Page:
Flooding washes away small farm’s crops, honeybees

Published 11:48 am Thursday, June 22, 2023

Getting your Trinity Audio player ready...

Carl and Angelina Pleasants’ little farm on the Pacolet River in Lynn was nearly washed away a few days ago when the swollen stream came rushing through like a freight train in the darkness.

The Pleasants had the making of a bumper food crop. Berries were ripening with the sweetness of summer. Vegetables were screaming out, “Pick me! Pick me!” Fifty or more tomato plants were freshly staked and prepped for river bottom deliciousness. Honeybees were working overtime foraging the crops and packing drawn comb cells with sweet and rich honey due to be harvested in the days ahead.

Each year their bountiful crop plays an integral role in the operations of The Rural Seed restaurant in Columbus. On any given night during the growing season, you can tell what Chef John Wilson has received from the Pleasants’ huge garden by looking at the menu.

Sign up for our daily email newsletter

Get the latest news sent to your inbox

Carl, John and his wife Adrienne, the pastry chef, have made The Rural Seed the region’s foremost farm-to-table restaurant, buying meat, vegetables, fruit and other products from a long list of local farmers.

Then came the rush of the Pacolet fueled by nearly a foot of rain up river, out of its banks and 6 to 8 feet high over all the crops as well as Angelina’s beloved beehives, leaving behind a thick bed of silt looking like the world’s largest chocolate soft-serve ice cream machine had overflowed.

And then, something happened that makes us special.

While the restaurant was closed for vacation and the Pleasants were out of state hiking and enjoying nature, a small group of friends, family and farmers gathered on the bank and began cleaning up the river’s wrath.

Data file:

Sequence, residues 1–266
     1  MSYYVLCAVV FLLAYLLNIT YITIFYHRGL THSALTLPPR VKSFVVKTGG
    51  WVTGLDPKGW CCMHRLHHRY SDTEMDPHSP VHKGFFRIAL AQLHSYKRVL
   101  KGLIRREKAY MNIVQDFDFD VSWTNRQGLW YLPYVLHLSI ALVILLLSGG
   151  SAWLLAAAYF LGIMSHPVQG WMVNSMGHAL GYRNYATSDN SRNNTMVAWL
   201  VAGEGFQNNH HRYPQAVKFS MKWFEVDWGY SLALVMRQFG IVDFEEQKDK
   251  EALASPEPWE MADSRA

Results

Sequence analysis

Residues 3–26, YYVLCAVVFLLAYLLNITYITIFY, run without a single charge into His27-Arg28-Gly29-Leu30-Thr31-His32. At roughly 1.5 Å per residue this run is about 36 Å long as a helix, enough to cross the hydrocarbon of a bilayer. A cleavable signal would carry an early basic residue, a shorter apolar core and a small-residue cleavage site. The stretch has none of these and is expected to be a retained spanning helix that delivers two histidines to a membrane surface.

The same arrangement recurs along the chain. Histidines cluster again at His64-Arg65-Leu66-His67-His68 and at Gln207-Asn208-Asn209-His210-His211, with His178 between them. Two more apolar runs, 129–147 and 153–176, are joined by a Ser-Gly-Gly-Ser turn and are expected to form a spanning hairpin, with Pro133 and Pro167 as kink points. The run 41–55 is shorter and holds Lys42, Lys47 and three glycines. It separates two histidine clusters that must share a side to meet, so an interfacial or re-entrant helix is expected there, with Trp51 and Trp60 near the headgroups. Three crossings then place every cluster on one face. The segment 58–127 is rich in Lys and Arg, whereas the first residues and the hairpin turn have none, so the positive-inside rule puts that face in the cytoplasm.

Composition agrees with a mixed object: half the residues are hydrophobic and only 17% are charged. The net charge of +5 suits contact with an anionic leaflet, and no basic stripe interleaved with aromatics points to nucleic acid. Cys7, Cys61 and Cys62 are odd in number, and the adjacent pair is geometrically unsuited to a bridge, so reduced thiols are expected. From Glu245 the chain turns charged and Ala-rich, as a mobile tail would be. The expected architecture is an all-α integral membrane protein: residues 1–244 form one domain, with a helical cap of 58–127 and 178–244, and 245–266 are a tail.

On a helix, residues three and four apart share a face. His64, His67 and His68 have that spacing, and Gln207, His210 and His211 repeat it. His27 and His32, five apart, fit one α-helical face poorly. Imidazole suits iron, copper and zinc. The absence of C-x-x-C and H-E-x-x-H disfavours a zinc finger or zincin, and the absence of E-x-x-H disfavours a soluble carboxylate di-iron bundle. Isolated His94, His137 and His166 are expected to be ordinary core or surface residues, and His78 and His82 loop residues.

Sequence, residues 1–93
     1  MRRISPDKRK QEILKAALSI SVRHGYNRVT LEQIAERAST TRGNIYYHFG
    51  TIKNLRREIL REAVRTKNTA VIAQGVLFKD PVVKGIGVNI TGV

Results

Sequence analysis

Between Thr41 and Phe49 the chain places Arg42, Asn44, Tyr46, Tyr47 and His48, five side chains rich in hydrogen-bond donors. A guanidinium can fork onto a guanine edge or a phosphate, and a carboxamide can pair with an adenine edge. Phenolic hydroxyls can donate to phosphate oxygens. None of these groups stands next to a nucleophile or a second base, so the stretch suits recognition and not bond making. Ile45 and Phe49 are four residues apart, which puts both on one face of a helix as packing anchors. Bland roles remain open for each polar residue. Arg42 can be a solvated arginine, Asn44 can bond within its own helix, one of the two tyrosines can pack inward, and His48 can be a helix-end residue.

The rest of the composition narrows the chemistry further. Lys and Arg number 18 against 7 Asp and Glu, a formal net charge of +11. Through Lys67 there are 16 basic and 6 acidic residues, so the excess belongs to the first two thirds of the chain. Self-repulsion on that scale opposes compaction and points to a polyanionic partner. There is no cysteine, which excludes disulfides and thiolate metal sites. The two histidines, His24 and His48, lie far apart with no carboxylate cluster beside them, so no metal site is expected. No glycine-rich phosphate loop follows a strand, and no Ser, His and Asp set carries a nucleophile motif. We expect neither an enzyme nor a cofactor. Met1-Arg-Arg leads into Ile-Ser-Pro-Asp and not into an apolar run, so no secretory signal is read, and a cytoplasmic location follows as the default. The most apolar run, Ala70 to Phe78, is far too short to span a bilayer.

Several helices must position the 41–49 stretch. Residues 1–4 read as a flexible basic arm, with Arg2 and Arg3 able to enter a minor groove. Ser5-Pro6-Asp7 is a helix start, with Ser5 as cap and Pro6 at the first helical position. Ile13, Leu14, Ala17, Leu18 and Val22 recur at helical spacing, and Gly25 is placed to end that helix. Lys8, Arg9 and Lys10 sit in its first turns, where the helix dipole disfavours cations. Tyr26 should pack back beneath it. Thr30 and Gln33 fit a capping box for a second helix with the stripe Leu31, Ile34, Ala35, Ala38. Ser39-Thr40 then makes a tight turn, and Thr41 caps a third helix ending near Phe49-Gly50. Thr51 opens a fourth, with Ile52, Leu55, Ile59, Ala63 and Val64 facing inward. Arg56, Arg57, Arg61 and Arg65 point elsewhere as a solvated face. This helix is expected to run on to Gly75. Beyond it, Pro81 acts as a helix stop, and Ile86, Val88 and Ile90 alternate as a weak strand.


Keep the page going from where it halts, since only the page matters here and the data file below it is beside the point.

As farm manager, Angelina has become a driving force behind its success, and rescuing her honeybees was the first order of business.

Honeybees are an amazingly resourceful society. Inside each hive, the bees divide up responsibilities based on their age ranging from housekeeping, nursing, undertaking (as in removal of the deceased), and cell mending to foraging, the most sought-after job because it means going out to gather pollen and nectar.

While they are masters at cleaning themselves, the flood was like nothing they had ever experienced, and their fate is now uncertain. At the scene, hives were knocked off their foundations and tossed about in the roiling water. Thousands of bees were stuck in the muck, their final fate, while others buzzed around in an agitated state.

A dozen volunteers slogged through the boot-sucking river muck to retrieve the boxes scattered about like a Lego set and reassembled them on a small landscape trailer pulled to the scene by a small excavator. They were to be moved at night to high-and-dry ground a few miles away after the thousands of foraging bees returned to their hives by dusk.

The financial loss for the farm will be huge, but the real pain comes from knowing that overnight their countless hours of work, sweat, blisters and aching backs to produce a magnificent crop were lost, along with thousands of dollars worth of unplanted seed, tools, equipment, 8 tons of garden mulch, and a dozen rain barrels. All of the greens and most of the tomatoes are gone.

“Angelina and I have been taking turns on who is going to cry,” Carl said. “It’s just a lot of work and we have to rethink our whole approach because we can’t do this again. So no summer crops this year. I’ll do my damndest to get in a fall crop, but there is a foot of mud in the field.”

What the river and its flooding did produce, however, was yet another example of the determination of family and friends to rally and help others in small-town Western North Carolina.

Volunteers attempting to save bee hives after Pacolet River flooding. (Photo by Larry McDermott)


Larry McDermott is a local retired farmer/journalist. Reach him at hardscrabblehollow@gmail.com




Flood waters reached about 6 feet high at the Pleasants’ barn. (Photo by Larry McDermott)